Wednesday, December 29, 2021

Love and fun and paradise

I had the most wonderful Christmas Day at Zoë's house with her and Brian and my grandsons. There were a lot of laughs and much cavorting  and it pains me that now the boys are teenagers I can't show you what they look like and I am not even free to describe them or tell you what we did. I understand and accept it completely, but they are a part of my life, and I talk about most other parts of my life (don't I?) so it's hard.

I will say that it was two years since I spent a reasonable amount of time with them, because I have not been inside their house since the arrival of Covid, and when I have met up with Zoë outside, the boys have usually been out or in bed. 

This has made me worry that I was no longer relevant or a part of their lives, but the hug that one of them gave me on arrival was as warm and heartfelt as the one I received from the girls in Colorado last month. I was moved at the time, and it moves me now, as I tell you.

The girls greeting me at Denver airport

I came home on Boxing Day, and Dave is so anxious that I have brought Covid home that I am keeping my distance and wearing a mask until the weekend. 

It was worth it. Don't tell Dave but it would still be worth it if the 'isolation' was for a fortnight.

My life for the last two years has felt impoverished by a dearth of adventure and variety and fun and hugs, with only occasional oases.  I was brought up on hugs and I need them now, which is why I drew that picture last year.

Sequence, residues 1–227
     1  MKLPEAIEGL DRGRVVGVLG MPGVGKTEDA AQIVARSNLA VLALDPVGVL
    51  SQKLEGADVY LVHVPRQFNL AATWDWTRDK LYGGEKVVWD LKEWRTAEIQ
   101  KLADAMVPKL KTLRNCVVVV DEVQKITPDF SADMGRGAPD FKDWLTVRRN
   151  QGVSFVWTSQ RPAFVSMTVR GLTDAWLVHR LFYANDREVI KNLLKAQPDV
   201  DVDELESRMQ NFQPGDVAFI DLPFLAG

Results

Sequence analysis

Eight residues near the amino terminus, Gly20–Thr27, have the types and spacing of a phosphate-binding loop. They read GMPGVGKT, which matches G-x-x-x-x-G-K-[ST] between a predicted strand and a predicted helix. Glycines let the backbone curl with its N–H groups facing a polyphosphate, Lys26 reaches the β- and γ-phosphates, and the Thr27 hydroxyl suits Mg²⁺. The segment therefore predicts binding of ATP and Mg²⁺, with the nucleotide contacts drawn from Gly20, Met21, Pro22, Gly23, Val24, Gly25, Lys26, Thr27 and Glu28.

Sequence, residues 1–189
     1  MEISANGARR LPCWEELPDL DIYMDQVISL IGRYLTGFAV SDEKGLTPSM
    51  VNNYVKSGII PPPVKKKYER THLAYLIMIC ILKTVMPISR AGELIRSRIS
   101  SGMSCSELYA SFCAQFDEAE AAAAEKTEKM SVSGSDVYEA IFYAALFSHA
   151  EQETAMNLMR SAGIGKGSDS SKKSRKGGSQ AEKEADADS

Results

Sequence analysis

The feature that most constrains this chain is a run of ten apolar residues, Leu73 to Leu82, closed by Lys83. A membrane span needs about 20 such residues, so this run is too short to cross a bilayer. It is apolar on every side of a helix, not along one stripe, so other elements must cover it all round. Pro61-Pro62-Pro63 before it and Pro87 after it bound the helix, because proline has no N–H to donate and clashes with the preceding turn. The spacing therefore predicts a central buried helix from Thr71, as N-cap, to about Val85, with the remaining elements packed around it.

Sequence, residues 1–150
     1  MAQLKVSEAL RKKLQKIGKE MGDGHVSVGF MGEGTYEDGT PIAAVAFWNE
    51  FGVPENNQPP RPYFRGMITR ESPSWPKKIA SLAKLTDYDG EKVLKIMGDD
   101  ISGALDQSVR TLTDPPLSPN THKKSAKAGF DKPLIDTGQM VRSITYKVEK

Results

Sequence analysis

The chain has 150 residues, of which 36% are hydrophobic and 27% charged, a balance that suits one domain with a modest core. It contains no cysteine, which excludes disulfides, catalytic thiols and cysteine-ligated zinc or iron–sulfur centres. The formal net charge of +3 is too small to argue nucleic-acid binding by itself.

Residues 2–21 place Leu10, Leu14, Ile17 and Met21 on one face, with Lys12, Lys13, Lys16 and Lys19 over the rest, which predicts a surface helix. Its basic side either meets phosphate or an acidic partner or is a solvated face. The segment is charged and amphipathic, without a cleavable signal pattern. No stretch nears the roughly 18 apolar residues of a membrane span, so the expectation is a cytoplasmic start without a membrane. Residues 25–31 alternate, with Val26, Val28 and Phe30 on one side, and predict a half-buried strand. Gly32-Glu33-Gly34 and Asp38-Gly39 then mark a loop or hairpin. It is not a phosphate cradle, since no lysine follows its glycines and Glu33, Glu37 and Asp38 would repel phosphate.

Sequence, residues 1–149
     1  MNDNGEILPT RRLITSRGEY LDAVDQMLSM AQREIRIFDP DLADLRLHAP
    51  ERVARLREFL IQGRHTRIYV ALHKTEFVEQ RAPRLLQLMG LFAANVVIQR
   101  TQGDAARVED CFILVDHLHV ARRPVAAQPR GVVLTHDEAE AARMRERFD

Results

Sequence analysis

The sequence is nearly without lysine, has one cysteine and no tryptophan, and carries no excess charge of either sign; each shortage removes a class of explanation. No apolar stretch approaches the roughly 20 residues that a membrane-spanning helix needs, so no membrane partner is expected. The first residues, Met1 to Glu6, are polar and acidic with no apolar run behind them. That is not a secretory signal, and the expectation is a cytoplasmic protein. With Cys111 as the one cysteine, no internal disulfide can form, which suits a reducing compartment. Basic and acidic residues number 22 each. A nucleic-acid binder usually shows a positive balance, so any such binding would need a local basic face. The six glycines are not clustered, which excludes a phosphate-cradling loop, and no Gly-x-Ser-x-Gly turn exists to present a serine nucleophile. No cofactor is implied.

The other thing I want to share is a link to a moving piece in the Guardian: The best photographs of 2021 and the stories behind them.

It is not just about the photographs themselves but the picture they paint of our world in 2021 made up of personal experiences from around the globe - the  humanity.

I just read Simon Parke's blog post in which he says his word for the coming year is courage.

I'm wondering what mine is. 

Is it grit? 


I think it has to be Love.

And also the message in Roger Robinson's poem:

A Portable Paradise

And if I speak of Paradise,
then I’m speaking of my grandmother
who told me to carry it always
on my person, concealed, so
no one else would know but me.
That way they can’t steal it, she’d say.
And if life puts you under pressure,
trace its ridges in your pocket,
smell its piney scent on your handkerchief,
hum its anthem under your breath.
And if your stresses are sustained and daily,
get yourself to an empty room – be it hotel,
hostel or hovel – find a lamp
and empty your paradise onto a desk:
your white sands, green hills and fresh fish.
Shine the lamp on it like the fresh hope
of morning, and keep staring at it till you sleep.

Roger Robinson

© Roger Robinson, from A Portable Paradise, 2019. Used by permission of Peepal Tree Press.

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